Yes, some of the characters are bisexual-- but a careful reading reveals that the homosexual activities of certain characters (discreetly presented) are a signal that the character is turned toward him or herself, taking comfort in human friendship when unable to accept the goddess into his or her life (while showing the importance of human friendships). I believe Grundy's intent in including these episodes was to express his theme, not to be "trendy." Gilgamesh at first can only love his friend Enkidu, because only Enkidu is "like him" in physical prowess. Initially it is an egotistical love, but after tragedy and physical weakness befalls Enkidu, Gilgamesh learns that he still loves his friend for his nobility of spirit. Ultimately, just as Innana gives Enkidu the gift of civilization, Enkidu's love and friendship gives Gilgamesh the understanding that he needs to finally accept Innana as well as his own mortality in order to become a complete, mature man and a good king.
2 of 3 people found the following review helpful
2.0 out of 5 stars Could have been much better. 23 April 2004
By Amy N-K - Published on
Format: Hardcover
I guess I can't say I hated this book, as I did finish it. My main complaints are about the uppers and downers of coming across something I enjoyed, just to be annoyed moments later by a cliche description, a misspelling (not sure if these are Grundy's misspellings or an editor's) i.e. "rainment" was used several times instead of the correct "raiment." I wanted to hear more about Enkidu as a character, less about how he looked like a lion (and made love like one, etc.). Grundy made sure we were very well aware of each character's beard, skin, and hair characteristics... over and over. Did I mention that Enkidu is like a lion? If not, let me mention that metaphor again to the point of nausea. Oh, and the En definitely has a dry, gravelly voice. Let's just say I would have appreciated a little more variety in the descriptive narrative. In particular, description of characteristics beyond the outer bodies throbbing in ecstasy would have been nice.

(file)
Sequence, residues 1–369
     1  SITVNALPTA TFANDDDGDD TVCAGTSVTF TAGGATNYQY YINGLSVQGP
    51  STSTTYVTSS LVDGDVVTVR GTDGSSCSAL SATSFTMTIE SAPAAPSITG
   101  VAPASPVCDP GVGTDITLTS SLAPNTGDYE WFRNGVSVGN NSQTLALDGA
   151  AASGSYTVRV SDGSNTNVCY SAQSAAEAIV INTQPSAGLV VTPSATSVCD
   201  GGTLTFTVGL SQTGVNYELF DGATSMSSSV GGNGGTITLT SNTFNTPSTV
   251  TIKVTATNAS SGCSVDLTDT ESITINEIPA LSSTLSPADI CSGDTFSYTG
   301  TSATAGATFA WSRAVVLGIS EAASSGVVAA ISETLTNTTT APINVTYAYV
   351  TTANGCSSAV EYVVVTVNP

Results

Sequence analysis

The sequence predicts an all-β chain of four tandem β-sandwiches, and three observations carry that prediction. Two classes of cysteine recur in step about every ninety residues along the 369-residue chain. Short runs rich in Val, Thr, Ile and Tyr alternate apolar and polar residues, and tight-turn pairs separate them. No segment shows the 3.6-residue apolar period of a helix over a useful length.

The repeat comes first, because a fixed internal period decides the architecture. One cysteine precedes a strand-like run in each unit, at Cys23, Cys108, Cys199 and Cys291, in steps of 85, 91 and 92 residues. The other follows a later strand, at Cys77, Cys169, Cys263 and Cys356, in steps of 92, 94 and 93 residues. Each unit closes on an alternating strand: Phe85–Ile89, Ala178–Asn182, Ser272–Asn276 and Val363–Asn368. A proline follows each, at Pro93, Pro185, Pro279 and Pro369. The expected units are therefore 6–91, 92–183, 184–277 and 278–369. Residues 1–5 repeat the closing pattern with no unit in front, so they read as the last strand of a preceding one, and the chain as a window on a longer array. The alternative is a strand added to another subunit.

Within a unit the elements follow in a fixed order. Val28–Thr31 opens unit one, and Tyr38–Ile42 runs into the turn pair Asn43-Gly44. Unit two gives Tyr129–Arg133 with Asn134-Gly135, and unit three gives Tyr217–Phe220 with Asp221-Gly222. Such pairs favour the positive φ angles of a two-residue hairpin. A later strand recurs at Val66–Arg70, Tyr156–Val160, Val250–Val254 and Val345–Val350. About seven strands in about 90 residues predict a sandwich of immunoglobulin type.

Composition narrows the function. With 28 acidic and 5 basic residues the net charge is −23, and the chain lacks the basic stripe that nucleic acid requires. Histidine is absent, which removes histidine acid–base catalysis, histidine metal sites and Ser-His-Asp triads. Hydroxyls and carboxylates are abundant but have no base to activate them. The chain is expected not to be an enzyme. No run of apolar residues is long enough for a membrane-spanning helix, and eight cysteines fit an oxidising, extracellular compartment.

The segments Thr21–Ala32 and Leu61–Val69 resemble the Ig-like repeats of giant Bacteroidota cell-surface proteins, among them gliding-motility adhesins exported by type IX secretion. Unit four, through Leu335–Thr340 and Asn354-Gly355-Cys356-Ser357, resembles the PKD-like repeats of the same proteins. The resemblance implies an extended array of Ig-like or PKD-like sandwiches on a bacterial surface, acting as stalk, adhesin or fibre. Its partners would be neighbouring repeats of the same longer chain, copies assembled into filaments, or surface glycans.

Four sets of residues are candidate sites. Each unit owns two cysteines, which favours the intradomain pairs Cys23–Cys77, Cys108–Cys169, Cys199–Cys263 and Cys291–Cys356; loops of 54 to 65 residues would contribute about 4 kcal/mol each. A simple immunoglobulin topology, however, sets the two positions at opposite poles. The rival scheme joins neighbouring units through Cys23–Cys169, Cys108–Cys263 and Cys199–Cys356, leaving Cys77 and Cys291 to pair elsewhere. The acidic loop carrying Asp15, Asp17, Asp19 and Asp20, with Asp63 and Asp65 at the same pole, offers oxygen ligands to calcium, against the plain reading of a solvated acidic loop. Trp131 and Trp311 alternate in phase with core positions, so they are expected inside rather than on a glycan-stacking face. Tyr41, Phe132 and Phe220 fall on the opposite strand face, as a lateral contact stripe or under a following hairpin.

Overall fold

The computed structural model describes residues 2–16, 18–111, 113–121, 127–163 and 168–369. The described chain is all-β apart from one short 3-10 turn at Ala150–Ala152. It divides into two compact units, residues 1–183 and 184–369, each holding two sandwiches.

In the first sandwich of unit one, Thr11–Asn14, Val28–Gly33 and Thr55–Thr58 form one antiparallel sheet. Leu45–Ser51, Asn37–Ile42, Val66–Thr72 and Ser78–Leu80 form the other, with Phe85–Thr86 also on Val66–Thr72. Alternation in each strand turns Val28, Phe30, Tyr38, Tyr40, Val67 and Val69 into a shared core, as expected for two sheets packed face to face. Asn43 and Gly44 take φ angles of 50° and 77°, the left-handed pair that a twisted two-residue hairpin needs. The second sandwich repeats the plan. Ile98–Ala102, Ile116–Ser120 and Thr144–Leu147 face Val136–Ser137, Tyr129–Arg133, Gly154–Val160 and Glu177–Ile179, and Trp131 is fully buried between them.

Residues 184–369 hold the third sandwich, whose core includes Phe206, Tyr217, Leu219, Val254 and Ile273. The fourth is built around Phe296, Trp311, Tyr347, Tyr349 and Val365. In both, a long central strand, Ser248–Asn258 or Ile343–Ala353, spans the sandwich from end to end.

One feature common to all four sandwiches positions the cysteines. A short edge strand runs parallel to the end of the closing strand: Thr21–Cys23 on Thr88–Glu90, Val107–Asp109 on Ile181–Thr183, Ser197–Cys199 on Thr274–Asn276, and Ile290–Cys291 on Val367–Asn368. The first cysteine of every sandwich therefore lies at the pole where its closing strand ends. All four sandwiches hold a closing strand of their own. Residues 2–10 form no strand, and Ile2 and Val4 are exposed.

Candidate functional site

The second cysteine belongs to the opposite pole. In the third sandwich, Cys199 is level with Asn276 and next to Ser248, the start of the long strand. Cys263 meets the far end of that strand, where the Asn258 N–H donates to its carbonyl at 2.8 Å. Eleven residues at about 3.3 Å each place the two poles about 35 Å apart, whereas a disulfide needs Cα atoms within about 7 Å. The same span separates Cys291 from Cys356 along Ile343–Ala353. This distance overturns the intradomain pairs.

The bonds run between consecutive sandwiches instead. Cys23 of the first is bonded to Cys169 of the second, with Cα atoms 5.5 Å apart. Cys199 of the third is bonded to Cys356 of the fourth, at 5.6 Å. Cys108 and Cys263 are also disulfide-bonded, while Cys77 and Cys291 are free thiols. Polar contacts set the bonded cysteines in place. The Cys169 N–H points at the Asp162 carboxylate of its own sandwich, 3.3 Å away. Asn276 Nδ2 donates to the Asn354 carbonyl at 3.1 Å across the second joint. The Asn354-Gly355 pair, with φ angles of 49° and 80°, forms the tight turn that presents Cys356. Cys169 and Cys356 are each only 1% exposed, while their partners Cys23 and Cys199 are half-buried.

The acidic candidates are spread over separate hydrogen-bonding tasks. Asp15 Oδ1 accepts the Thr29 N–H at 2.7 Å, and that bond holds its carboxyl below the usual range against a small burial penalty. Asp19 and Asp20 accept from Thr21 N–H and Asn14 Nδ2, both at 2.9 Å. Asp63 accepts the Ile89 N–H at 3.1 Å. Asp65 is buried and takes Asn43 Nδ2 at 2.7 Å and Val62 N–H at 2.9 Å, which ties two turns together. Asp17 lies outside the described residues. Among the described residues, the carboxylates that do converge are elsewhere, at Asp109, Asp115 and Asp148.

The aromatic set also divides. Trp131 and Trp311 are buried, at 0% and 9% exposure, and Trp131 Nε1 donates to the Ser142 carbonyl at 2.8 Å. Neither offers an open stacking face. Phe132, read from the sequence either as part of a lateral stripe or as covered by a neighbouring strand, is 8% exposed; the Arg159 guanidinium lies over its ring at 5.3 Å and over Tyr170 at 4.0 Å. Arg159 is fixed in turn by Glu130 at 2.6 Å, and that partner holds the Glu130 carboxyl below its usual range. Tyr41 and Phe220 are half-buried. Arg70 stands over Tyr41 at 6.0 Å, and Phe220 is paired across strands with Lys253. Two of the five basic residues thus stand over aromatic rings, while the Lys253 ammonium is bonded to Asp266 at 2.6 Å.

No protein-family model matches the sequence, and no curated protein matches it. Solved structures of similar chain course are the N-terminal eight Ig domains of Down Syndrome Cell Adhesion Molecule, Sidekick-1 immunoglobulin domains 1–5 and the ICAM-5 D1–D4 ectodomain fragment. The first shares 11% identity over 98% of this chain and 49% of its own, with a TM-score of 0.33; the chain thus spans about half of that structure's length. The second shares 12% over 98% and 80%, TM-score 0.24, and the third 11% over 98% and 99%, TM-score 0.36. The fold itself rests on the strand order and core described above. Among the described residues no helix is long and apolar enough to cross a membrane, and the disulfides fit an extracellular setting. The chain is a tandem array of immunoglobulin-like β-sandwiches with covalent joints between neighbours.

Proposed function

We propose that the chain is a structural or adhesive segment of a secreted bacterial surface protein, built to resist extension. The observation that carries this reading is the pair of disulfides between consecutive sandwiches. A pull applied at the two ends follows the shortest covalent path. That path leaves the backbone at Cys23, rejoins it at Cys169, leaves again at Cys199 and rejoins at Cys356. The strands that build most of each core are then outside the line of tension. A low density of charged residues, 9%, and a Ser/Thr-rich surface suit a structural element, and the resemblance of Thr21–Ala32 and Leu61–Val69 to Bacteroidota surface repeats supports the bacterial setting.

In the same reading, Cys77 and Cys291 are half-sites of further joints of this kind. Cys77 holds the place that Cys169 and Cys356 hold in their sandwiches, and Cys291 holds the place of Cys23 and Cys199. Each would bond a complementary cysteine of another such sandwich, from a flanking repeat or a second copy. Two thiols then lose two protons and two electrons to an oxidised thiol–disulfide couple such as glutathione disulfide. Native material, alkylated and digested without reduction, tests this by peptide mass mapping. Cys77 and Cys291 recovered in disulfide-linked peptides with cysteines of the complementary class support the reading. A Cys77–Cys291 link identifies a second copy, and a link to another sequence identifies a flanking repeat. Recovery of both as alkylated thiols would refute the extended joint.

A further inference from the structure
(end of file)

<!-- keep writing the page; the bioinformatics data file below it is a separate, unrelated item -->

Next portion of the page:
(...)P>As for what I liked - there were quite a few places where the descriptions were original and poignant enough to make me want to continue ploughing through the monotonous stuff. I like Grundy as a writer, and enjoyed his "Attila's Treasure" much more than "Gilgamesh." I liked the potential that several of the characters in Gilgamesh had, and found Enkidu and the Shamhatu particularly intriguing as people that could have been depicted in a much deeper way, but I never really saw them expanded to their full potential. The book did make me want to search out more information on the Gilgamesh epic, although the downside to that is that I'm looking for something that is better written than Grundy's book. (Sorry!)
9 of 11 people found the following review helpful
5.0 out of 5 stars A Breathtaking Read 14 Jan. 2001
By A Customer - Published on
Format: Hardcover
Being new to the writings of Stephan Grundy, I was initially somewhat daunted by the sheer scale of this book. At 550+ words, and with no previous knowledge of the Gilgamesh saga whatsoever, I figured that this might not be a book for the fainthearted or, indeed, the uninitiated. I need not have worried. Quite simply, Grundy's 'Gilgamesh' is a breathtaking read. His vision of early Sumeria, and its elaborate (and to us, somewhat alien) rituals and culture is brought vividly to life by an author of consummate skill to the extent that I, a reader with no prior knowledge, might almost have found myself living there. Greater still is Grundy's gift for characterisation. His book is crammed not with the usual main players and plot enabling secondary props, but by living breathing characters, superbly drawn by the author with a passion for life and a depth of compassion and humanity which defies description. This is a richly woven tapestry which can be read on any number of levels, from that of straight forward adventure to deeply moving treatise on the folly of pride, the futility of regret and the individual's powerlessness in the face of the inevitable. I have no idea how true to the 'original' Grundy's version of Gilgamesh is, but his research looks to have been impressive indeed if the book's afterword is anything to go by, and I will certainly be reading Maureen Gallery Kovaks translation, as cited, not to mention Grundy's other works. In short, buy 'Gilgamesh' - this is an awesome read and a handsome retelling of an epic tale; it has a breadth of passion and a scale of grandeur which - if you have the slightest shred of humanity, will surely take your breath away.